Although Cooper lived in Melbourne, he and many of the League’s members retained their emotional connection to Cumeroogunga. He continued to appeal to NSW government to provide Aboriginal people with land and capital so that they could develop the land for their communities and become self-sufficient- something he had urged since his Maloga days. He urged that the services provided on reserves should be put into the hands of Aboriginal people themselves, and that regulations should ensure that no resident could be expelled from a reserve without an open enquiry. In June 1937, contrary to the wishes of the Aboriginal people, Arthur McQuiggan had been appointed as manager of Cumeroogunga, despite repeated complaints about his violence as superintendent of Kinchela Aboriginal Boys Home. Some people made preparations to leave, but were prevented from doing so by the police on the basis of “quarantine” regulations. Cooper submitted another petition signed at Cumeroogunga to the government, but this had no effect. On 26 January 1939 Jack Patten, born and bred at Cumeroogunga, returned there and addressed a gathering of the people in the church two days later, urging them to “walk off”, before they were prevented from leaving again. Cooper and Burdeu were rather ambivalent about this direct action. The League had long had a preference for representations, appeals, petitions and public meetings, and Cooper and Burdeu were apprehensive that Patten’s methods would alienate the League’s white supporters. In the end, it was socialists, communists and Labor supporters in Melbourne who backed what they saw as a “strike” at Cumeroogunga, providing moral and material support for the people who had walked off. But after nine months of hardship, the protest achieved nothing, and there was a tailing-off in the League’s activity, exacerbated by Cooper’s decline in health.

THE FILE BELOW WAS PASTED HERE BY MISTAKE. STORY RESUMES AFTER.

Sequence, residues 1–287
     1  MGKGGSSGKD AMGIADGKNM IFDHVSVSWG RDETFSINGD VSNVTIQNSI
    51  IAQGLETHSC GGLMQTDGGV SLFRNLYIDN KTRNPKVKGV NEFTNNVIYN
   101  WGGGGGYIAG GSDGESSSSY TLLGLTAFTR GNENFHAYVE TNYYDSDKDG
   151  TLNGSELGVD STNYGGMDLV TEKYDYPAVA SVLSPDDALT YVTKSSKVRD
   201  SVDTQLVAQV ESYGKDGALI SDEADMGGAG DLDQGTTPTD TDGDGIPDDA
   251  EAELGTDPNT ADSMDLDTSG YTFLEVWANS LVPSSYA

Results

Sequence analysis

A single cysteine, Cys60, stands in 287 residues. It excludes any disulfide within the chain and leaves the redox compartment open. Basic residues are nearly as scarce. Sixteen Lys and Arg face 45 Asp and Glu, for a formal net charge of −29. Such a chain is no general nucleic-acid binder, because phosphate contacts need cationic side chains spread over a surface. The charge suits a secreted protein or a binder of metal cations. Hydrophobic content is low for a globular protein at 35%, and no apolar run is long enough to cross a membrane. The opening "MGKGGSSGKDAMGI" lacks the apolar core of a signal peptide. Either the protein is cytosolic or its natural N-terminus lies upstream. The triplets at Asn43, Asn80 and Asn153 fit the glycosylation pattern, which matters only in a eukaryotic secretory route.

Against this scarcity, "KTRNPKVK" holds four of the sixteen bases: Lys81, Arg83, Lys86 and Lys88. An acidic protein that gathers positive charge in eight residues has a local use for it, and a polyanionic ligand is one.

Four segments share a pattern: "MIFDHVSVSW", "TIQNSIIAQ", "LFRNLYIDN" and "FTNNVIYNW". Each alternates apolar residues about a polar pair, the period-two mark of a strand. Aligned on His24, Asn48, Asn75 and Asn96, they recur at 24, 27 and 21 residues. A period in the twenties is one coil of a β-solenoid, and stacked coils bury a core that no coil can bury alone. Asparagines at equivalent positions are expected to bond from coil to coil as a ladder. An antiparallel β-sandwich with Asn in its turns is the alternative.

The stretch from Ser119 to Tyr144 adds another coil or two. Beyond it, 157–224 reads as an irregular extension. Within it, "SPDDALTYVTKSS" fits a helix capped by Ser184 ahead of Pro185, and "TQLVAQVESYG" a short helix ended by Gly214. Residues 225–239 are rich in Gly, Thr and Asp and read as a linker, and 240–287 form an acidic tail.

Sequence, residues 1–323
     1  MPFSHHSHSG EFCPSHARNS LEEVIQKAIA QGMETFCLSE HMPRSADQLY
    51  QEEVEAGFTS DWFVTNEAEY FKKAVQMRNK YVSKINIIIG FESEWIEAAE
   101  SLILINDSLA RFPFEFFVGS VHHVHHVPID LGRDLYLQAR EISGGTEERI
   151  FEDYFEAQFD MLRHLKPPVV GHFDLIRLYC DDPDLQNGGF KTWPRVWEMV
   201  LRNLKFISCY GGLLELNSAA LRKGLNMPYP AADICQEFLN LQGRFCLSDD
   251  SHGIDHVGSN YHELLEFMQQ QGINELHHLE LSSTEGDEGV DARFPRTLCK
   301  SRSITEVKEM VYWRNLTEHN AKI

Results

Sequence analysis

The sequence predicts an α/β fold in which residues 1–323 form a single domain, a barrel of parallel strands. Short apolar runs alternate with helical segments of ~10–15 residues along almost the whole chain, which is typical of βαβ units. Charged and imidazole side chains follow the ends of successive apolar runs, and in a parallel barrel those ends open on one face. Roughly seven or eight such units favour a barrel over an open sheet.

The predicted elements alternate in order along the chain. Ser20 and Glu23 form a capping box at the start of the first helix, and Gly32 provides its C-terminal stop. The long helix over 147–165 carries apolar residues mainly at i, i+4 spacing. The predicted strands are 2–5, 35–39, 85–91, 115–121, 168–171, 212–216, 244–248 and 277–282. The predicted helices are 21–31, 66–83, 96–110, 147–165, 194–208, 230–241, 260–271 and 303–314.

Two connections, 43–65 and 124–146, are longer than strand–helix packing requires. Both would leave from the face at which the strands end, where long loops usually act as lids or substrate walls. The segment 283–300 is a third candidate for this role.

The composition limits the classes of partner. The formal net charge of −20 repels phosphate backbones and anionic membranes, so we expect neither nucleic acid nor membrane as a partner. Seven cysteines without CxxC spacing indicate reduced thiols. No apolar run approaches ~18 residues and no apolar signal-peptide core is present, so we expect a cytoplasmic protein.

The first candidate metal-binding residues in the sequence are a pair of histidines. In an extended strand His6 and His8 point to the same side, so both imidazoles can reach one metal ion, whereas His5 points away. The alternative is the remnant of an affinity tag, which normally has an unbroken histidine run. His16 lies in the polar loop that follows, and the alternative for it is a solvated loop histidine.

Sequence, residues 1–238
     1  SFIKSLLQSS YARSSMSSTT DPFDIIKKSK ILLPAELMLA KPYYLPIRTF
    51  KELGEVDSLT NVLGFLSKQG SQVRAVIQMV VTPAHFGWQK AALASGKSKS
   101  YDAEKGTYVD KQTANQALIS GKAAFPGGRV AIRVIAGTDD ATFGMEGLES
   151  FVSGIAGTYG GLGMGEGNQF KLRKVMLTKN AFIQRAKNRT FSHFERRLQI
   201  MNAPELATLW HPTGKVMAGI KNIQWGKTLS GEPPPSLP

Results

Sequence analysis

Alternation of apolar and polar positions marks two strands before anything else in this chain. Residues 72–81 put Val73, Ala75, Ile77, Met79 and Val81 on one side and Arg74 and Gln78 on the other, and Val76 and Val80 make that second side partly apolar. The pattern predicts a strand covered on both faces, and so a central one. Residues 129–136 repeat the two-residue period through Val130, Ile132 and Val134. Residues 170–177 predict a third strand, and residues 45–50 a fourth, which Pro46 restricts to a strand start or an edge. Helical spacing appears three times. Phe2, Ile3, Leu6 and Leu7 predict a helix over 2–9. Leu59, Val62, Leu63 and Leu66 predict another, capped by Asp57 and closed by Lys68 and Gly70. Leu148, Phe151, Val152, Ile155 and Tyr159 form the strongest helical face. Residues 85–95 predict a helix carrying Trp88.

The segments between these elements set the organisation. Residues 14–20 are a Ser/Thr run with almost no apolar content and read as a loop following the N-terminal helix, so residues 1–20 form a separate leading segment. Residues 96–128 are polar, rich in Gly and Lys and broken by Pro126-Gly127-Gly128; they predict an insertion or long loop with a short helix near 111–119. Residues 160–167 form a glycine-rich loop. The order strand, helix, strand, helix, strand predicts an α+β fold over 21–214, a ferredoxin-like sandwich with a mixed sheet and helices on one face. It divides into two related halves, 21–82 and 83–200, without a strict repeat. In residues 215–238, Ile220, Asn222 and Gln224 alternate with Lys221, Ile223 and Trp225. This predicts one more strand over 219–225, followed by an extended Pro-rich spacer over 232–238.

By now WWII was in train. Cooper had lost his son in World War I, and he was disillusioned by the failure of the Government to grant citizenship to the thousands of Aboriginal men who had enlisted in the AIF after World War I. He pointed out that Aboriginal men had ‘no status [and] no rights’ and ‘no country and nothing to fight for but the privilege of defending the land which was taken from him by the white race without compensation’. (p. 197) This was not necessarily a popular stance.

It is ironic that the only monument to William Cooper (presently) is the one in Shepparton, funded by Jewish philanthropists through Gandel Philanthropy. The monument depicts him holding a petition defending the human rights of Jewish people in response to Kristallnaucht, “The Night of Broken Glass” which he presented to the German Consulate in December 1938. The petition served an Indigenous purpose as well: it stated “Like the Jews, our people have suffered much cruelty, exploitation and misunderstanding as a minority at the hands of another race”. This fleeting act, which has captured and been embraced the (white) public imagination, tends to overlook the fact that several left-wing groups, churchmen, pacifists and civil libertarians had already raised their voices against the Nazi persecution of the Jews. Consistent with Attwood’s claim that this is a minor part of Cooper’s contribution, he spends only four pages on this petition, although he expands in further detail in the footnotes. I think that it says much about white Australia and its unease with Aboriginal activism, that Cooper should be commemorated for this one act of solidarity with an overseas injustice, rather than his activism against injustice here in Australia over many decades.